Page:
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UPDATE: Bracketology 2016, Nov. 6, 2016, 6 p.m.

Today, the picture started rounding into place when it came to qualification for the NCAA Division I field hockey tournament shortly after 4 p.m. Though there was one game to go (Pacific-Stanford in the America East Tournament), we pretty much knew where the cutoff line for the At-Large bids was going to be.

We didn’t have much in the way of major upsets in one-bid conferences, so we thought that benefitted Princeton. Despite the fact that Stanford vaulted past Princeton in the RPI ratings, the Tigers held onto the eighth-best slot of non-AQ teams. This is crucial for reasons we’ll explain below. Right now, note the “critical area” of teams between 10th and 19th, ranked by Ratings Percentage Index and calculated by FieldHockeyCorner.com, with conference champions highlighted in green:

Team RPI
10 Boston College 0.607
11 Stanford 0.604
12 Michigan 0.596
13 Princeton 0.595
14 Boston University 0.589
15 Harvard 0.588
16 Northwestern 0.585
17T Massachusetts 0.566
17T St. Joseph’s 0.566
19 Iowa 0.564

So, these are the 10 teams with Automatic Qualifiers, ranked in order of their RPI ratings. The last four (in blue) should be in the Play-In Games on Tuesday:

Big Ten: Penn State
ACC: Virginia
Big East: Connecticut
Colonial: Delaware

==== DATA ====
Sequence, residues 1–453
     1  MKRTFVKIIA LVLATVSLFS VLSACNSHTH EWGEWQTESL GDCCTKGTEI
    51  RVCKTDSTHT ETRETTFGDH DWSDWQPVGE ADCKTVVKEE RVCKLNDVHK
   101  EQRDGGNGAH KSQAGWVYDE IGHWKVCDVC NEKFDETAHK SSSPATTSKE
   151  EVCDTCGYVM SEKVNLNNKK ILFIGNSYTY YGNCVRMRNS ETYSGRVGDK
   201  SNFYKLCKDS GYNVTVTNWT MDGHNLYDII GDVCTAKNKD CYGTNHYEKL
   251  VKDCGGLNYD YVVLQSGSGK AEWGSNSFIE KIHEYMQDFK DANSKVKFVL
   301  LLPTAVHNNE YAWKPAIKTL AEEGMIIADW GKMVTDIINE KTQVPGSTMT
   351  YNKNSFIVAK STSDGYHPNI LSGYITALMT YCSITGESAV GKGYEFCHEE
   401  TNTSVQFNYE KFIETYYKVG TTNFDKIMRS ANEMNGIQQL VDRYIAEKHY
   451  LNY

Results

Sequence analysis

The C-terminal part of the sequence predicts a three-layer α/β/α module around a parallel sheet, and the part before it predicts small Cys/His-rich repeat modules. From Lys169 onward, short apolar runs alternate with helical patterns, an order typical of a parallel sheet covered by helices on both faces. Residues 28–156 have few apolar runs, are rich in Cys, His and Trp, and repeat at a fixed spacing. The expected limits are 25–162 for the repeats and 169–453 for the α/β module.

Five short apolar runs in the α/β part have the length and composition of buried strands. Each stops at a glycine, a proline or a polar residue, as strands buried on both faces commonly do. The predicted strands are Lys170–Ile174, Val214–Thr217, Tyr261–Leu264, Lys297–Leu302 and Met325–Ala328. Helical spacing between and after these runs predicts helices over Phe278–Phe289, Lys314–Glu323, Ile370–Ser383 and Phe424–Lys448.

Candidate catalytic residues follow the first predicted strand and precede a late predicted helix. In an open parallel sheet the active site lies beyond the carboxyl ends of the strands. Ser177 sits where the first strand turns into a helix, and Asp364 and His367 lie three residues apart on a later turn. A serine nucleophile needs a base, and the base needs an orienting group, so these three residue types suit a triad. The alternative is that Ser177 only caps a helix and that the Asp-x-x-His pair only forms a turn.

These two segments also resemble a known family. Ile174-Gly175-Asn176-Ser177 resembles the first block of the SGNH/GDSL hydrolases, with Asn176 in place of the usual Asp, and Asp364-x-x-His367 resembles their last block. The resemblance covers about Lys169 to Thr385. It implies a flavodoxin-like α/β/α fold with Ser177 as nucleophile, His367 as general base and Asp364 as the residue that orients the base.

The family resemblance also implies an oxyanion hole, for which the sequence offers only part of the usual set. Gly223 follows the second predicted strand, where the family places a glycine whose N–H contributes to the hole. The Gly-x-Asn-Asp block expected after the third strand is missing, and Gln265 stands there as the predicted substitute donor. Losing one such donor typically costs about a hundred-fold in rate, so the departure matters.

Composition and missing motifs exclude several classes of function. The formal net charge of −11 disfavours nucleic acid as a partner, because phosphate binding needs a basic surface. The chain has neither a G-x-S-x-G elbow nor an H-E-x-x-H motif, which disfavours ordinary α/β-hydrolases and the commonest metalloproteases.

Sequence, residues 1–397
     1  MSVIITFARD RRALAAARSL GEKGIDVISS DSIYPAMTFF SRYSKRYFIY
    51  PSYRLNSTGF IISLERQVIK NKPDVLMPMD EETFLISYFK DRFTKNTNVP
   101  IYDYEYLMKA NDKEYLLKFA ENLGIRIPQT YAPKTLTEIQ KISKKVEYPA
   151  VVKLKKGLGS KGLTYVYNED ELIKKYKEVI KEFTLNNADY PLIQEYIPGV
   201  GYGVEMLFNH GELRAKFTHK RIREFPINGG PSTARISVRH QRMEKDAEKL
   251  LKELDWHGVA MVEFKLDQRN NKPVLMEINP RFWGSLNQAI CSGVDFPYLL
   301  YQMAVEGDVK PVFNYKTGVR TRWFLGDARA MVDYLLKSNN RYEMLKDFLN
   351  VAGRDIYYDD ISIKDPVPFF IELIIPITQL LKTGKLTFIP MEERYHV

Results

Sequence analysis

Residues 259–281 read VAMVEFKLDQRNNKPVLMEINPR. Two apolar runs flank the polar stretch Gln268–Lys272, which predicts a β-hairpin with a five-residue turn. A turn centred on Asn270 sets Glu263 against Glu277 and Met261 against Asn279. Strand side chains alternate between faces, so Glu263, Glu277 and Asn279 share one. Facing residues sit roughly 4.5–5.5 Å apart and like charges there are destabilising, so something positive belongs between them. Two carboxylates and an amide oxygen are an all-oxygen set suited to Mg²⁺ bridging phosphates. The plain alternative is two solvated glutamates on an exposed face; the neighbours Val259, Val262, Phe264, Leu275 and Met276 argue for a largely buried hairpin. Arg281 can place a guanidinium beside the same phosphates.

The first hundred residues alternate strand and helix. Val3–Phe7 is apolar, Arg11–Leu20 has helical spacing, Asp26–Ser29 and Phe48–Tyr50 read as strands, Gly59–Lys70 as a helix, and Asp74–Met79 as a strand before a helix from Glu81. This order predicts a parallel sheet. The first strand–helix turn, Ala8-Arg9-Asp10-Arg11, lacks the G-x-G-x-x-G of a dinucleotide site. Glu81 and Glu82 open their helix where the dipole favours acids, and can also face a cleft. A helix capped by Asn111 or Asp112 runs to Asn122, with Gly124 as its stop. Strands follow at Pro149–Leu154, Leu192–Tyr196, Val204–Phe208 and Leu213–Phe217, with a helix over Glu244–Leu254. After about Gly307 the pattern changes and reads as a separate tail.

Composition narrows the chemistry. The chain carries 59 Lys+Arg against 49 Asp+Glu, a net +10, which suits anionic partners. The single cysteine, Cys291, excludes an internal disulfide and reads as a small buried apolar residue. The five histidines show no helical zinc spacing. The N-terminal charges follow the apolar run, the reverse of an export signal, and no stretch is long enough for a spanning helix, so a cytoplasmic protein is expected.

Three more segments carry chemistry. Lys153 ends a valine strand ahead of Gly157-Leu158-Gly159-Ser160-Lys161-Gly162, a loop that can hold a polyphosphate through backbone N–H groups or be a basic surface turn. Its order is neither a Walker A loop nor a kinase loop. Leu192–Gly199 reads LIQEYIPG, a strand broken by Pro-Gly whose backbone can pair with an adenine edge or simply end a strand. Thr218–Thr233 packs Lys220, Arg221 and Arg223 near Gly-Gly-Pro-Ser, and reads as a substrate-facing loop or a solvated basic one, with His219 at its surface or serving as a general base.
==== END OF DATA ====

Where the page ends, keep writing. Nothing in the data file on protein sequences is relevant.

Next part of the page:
America East: Stanford
Ivy: Harvard
Atlantic 10: Massachusetts
Patriot: American
MAAC: Monmouth
Mid-American: Kent State

That would make the top 10 in RPI these teams:

Team RPI
1 Duke 0.686
2 Maryland 0.671
3 Syracuse 0.669
4T North Carolina 0.656
9 Louisville 0.611
10 Boston College 0.607
12 Michigan 0.596
13 Princeton 0.595
14 Boston University 0.589
16 Northwestern 0.585

Now, while the NCAA Division I Tournament Committee has historically held to the RPI ratings to choose between at-large teams, it’s not the sole criterion used by the tournament committee.

Indeed, RPI is just one of five criteria that are supposed to be used when comparing one opponent against another. The others are winning percentage, head-to-head competition, record against common opponents, and strength of schedule.

The tournament may also use significant wins or losses, and how a team has done in the last third of its season.

I’ll let the tournament committee take it from here.

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